# Physics Inspired Approaches to Community Detection

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23-Aug-2014Category

## Science

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Community structure is one of the most relevant features of graphs in sociology, biology, computer science and so on. In this slide, the following methods for community detection are reviewed: (1) synchronization, and (2) spinglass. References [1] A. Arenas, A. D. Guilera, C. J. P. Vicente, Phys. Rev. Lett. 96, 114102 (2006) [arXiv:cond-mat/0511730] [2] P. Ronhovde, Z. Nussinov, Phys. Rev. E 81, 046114 (2010) [arXiv:0803.2548] [3] S.Fortunato, Phys. Rep. 486, 74 (2010) [arXiv:0906.0612]

### Transcript of Physics Inspired Approaches to Community Detection

- Physics Inspired Approaches to Community Detection 2012-09 1 / 52
- AbstractCommunity structure is one of the most relevantfeatures of graphs in sociology, biology, computerscience and so on.In this talk, we review the following methods forcommunity detection: synchronization spinglass 2 / 52
- Outline. Introduction1. Synchronization2. Spinglass3. Summary4 3 / 52
- 1. Introduction 4 / 52
- Communities in real-world networks biological network protein interaction, gene regulatory, metabolic, food chain social network SNS, collaborators, phone/email, organization technical system web graph, Internet, power grid other network citation, e-commerce/bidding, stock returns dynamical phenomena epidemic, cascade, synchronization, opinion change 5 / 52
- NotationG = (V, E) graph(network) vi V vertex(node), n = |V| (i, j) E edge(link) from vi to v j , 2m = ij Ai j Aij adjacency matrix 1 (i, j) E Aij = 0 otherwise ki degree of vi kiout = j Aij , kin = i Aij j wij 0 weight (i, j) of wi = j wi j , win = i wij , 2w = ij wij out j cs C community, q = |C| 6 / 52
- What is community detectionCommunities are subgraphs within which connections are dense, and between which they are sparse.The concept of community is not rigorously dened, and includes some degree of arbitrariness.Finding an exact solution is NP-hard in most cases. Thus an approximation algorithm is needed. 7 / 52
- In this talk, we focus on non-overlapping communities non-dynamical graphs sparse graphs: O(m) = O(n) 8 / 52
- Girvan-Newman algorithm [1] hierarchical divisive algorithm iteratively remove an edge with the highest betweeness, and recalculate betweeness O(m2 n) (for shortest-path betweeness version)Alternative denitions of betweeness . shortest-path betweeness 1 . ow betweeness 2 . random-walk betweeness 3 9 / 52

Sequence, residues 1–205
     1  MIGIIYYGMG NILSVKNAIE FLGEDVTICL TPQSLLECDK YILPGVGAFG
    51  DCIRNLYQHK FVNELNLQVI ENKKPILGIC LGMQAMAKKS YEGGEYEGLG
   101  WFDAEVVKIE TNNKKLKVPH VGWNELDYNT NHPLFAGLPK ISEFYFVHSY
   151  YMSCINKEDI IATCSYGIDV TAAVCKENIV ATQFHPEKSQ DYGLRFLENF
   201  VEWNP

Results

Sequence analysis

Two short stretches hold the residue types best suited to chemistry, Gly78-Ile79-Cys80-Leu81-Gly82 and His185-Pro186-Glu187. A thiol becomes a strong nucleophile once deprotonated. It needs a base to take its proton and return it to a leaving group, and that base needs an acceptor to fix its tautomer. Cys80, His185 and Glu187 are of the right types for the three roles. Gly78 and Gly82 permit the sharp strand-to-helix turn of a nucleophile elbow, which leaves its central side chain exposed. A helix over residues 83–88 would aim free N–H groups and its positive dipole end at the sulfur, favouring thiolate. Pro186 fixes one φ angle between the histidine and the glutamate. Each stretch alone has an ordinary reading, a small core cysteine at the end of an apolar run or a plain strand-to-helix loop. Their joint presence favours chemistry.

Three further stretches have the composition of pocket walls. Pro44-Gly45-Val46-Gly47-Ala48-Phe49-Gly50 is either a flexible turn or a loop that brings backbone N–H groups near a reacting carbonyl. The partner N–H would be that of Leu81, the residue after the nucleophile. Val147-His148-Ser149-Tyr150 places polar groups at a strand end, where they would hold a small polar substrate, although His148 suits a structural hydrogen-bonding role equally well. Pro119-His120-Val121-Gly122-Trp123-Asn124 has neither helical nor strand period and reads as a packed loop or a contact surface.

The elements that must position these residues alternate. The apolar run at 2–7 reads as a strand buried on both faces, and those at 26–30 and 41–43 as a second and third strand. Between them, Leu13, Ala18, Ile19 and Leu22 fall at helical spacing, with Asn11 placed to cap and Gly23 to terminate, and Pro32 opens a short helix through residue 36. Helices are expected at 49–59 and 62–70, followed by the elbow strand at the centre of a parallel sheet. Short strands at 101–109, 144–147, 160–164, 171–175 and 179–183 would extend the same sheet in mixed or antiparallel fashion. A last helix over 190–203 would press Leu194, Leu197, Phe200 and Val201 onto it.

- Ref. [1]Ref. [1] 10 / 52
- ModularityMany algorithms assume modularity Q as a measureof goodness of a partition. [2] win wout Q= 1 w i j (c , c ) ij i j 2w 2w ij w q ( ) ss win wout = s 2 s w 4w s=1 2wss = ij wij (ci , cs )(c j , cs ), ws = i wij (ci , cs ) ci : community to which vi belongs 1st term: weight of within-community edges 2nd term: expectation value of it for randomized graph 11 / 52
- Greedy modularity optimization hierarchical agglomerative algorithm iteratively merge communities to produce the largest possible increase of modularity O((m + n)n) [2, Newman]O(md log n), d = (depth of dendrogram) log nwith use of max-heap [4, Caluset-Newman-Moore]Improvement of merging strategy [20]. 12 / 52
- Louvain method [25] . assign its own community to each node 1 . iterate until no change happen 2 . locally optimize each order in sequential 1 order until no change happen . replace communities by supernodes 2Alternatively start with randomly assigned q < Ncommunities, and try several initial conditions.A new random sequential order can be used eachtime. 13 / 52
- Ref. [25] 14 / 52
- Resolution limit of modularityModularity optimization may fail to identify communities smaller than an intrinsic sale mmeasured by the number of links. [11] Km Km Km Km Km A Km Km Km Km Km Kp B Km Km Kp Ref. [11] 15 / 52
- Infomap/map equation [22, 36]Compress information of a random-walk trajectoryby Huffman code. pi : visit frequency with teleportation ratio qout : exit probability for cs i n ns qexit = s pi + (1 ) pi Aij n i ij ci =cs , c j cs 16 / 52
- 17 / 52 Ref. [22] st
- Minimize the description length by Louvain method: exit exit L= qs H + pi + qs Hs . s s i ci =csH is the entropy of a community-index codebook qexit ( ) s qs H= exit log exit . s r qr r qrHs is the entropy of a within-community codebook ( ) qs

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